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Defense bill would expand leave for veterans joining federal workforce

Lawmakers are looking to expand access to leave benefits for service members who transition to the federal workforce in the 2024 defense bill.

The latest version of the National Defense Authorization Act, which is expected to pass through the House and Senate this week, includes a provision that would recognize previous military service in calculating family and medical leave for veterans working in the federal government.

“By crediting time in uniform towards paid parental leave for the federal government, we will help retain the best and brightest America has to offer,” said Rep. Chrissy Houlahan, D-Pa., in a statement Tuesday. Lawmakers have said family-friendly policies help ensure the public sector has competitive benefits to attract and retain employees amid workforce shortages in cyber and HR.

Other supporters of the policy include Reps. Don Beyer, D-Va., Don Bacon, R-Neb., Nancy Mace, R-S.C., and Chris Smith, R-N.J.

With the defense bill teed up for passage in Congress, President Joe Biden has signaled he will sign the measure into law later this month. If it clears both steps with the provision, a federal employee with at least a year of active military service will have met requirements for the Family and Medical Leave Act.

The FMLA, which passed in 1993, provides up to 12 weeks of job-protected leave without pay for the birth, adoption or foster of a child, a serious health condition or caregiver leave. Health insurance coverage is also retained during that time. To access that benefit, federal workers have to be in their position for at least a year.

Previously, service members were not eligible to credit their prior military time for FMLA if they had transitioned to the government. However, active duty service by members of the National Guard or Reserves is counted.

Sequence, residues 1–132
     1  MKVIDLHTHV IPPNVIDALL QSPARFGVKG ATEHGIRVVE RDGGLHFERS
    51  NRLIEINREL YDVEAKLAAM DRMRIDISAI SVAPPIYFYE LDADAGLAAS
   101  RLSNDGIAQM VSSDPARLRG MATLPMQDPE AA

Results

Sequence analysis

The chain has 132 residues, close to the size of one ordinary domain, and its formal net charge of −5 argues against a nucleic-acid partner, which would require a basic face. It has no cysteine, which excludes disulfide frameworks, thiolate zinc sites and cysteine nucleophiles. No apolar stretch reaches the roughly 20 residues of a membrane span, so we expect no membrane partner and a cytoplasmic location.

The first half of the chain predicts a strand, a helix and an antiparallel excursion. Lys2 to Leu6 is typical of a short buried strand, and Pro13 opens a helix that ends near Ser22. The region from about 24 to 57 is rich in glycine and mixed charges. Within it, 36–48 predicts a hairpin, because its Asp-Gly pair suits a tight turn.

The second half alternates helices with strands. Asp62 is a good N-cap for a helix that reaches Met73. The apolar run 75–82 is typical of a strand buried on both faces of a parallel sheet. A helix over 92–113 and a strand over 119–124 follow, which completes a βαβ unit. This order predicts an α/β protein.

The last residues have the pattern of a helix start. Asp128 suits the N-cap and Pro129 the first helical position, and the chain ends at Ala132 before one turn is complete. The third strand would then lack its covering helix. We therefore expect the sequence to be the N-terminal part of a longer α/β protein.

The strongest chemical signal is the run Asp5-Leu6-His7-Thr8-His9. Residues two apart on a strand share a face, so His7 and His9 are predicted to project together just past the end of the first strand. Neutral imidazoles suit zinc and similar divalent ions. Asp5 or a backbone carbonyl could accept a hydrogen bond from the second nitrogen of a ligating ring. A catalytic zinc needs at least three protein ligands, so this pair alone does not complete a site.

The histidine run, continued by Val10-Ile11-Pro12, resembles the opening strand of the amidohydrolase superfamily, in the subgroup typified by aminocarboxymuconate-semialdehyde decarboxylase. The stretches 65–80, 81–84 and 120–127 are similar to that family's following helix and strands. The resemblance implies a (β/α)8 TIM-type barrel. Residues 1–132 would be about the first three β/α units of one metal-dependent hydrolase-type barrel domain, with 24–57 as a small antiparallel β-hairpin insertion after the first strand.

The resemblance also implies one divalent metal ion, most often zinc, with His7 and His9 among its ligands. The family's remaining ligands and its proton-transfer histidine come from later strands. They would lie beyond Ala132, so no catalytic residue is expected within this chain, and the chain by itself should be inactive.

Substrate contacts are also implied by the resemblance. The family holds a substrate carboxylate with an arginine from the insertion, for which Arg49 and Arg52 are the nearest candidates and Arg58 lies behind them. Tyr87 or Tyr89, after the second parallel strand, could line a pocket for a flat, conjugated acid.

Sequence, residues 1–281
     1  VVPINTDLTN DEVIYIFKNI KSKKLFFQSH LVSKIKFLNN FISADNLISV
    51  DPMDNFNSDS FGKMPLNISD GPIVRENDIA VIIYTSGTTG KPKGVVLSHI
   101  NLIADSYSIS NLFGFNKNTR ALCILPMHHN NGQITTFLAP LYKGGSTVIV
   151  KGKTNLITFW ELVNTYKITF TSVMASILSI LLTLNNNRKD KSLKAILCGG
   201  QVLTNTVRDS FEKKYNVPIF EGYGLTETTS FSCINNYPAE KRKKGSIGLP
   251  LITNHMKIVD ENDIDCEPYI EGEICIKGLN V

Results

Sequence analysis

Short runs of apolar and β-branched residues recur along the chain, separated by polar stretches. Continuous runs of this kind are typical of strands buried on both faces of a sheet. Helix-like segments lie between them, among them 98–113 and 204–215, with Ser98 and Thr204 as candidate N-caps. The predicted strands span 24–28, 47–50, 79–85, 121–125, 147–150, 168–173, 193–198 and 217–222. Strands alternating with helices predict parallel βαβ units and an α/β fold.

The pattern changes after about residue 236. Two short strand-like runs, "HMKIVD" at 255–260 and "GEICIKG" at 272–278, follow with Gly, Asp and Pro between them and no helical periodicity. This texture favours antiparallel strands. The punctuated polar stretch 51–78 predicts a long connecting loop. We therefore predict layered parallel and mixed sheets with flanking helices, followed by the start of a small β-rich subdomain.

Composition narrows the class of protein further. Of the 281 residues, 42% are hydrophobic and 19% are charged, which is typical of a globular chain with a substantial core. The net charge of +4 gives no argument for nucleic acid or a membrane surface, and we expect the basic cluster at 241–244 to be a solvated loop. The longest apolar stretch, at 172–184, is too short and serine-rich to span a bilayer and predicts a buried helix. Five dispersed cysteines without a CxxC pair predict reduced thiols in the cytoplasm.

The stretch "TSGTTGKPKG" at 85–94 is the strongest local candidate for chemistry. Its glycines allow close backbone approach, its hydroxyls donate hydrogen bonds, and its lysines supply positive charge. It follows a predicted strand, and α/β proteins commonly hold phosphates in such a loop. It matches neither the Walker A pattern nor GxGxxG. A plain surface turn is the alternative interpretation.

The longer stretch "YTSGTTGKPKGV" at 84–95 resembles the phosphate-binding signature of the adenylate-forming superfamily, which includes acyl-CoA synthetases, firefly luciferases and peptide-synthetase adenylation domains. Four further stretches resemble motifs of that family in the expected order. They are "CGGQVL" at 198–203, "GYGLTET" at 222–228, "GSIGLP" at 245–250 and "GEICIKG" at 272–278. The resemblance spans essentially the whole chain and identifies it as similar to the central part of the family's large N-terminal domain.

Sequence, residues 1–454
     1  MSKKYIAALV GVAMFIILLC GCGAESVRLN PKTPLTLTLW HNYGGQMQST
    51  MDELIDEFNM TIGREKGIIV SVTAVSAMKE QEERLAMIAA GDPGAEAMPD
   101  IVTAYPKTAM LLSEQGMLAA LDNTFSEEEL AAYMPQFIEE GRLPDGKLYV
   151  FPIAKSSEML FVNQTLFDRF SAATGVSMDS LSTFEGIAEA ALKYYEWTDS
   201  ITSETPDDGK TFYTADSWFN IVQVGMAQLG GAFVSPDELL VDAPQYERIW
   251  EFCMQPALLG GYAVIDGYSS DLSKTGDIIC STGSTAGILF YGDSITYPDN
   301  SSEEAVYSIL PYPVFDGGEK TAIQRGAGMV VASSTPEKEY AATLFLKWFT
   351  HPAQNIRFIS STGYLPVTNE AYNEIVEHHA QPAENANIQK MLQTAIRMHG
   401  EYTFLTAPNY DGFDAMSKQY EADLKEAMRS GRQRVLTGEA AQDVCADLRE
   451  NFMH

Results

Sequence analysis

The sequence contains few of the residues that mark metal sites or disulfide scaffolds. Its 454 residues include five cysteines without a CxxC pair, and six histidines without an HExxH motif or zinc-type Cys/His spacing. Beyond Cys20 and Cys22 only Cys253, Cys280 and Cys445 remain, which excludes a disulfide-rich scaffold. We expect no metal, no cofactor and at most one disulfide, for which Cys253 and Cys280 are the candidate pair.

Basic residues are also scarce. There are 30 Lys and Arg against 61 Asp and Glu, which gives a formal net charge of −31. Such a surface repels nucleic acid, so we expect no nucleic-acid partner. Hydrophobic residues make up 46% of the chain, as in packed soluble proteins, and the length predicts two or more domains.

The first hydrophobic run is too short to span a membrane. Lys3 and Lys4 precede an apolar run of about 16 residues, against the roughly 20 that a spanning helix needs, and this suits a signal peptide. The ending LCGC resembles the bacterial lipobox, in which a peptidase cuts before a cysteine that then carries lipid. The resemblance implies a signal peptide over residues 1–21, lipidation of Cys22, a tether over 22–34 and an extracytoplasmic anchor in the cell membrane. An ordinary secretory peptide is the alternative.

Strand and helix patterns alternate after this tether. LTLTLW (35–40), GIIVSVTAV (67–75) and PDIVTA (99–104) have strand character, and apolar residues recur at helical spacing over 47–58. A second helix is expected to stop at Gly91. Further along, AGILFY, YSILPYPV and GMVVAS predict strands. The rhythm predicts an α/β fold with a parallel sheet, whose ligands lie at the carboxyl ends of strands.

Federal agencies employ more than half a million veterans, which is to say about one in every four civil servants has prior or existing military experience, according to the government’s HR agency. In a memo to agency leaders in February, the Biden administration urged the creation and support of policies that would grant leave during employees’ first year of work, when they may not yet have accrued enough time to be eligible for other benefits.

Last winter, legislation was also introduced to make FMLA fully paid, though that has yet to become law. A law passed in 2019 makes leave for parental duties paid under FMLA in certain circumstances.

“Every American worker deserves access to family and medical leave, and the provision we secured in the NDAA will recognize time in military service like time in the federal civil service,” said Rep. Beyer in a statement.

Military Times reporter Leo Shane III contributed to this report.

Molly Weisner is a staff reporter for Federal Times where she covers labor, policy and contracting pertaining to the government workforce. She made previous stops at USA Today and McClatchy as a digital producer, and worked at The New York Times as a copy editor. Molly majored in journalism at the University of North Carolina at Chapel Hill.

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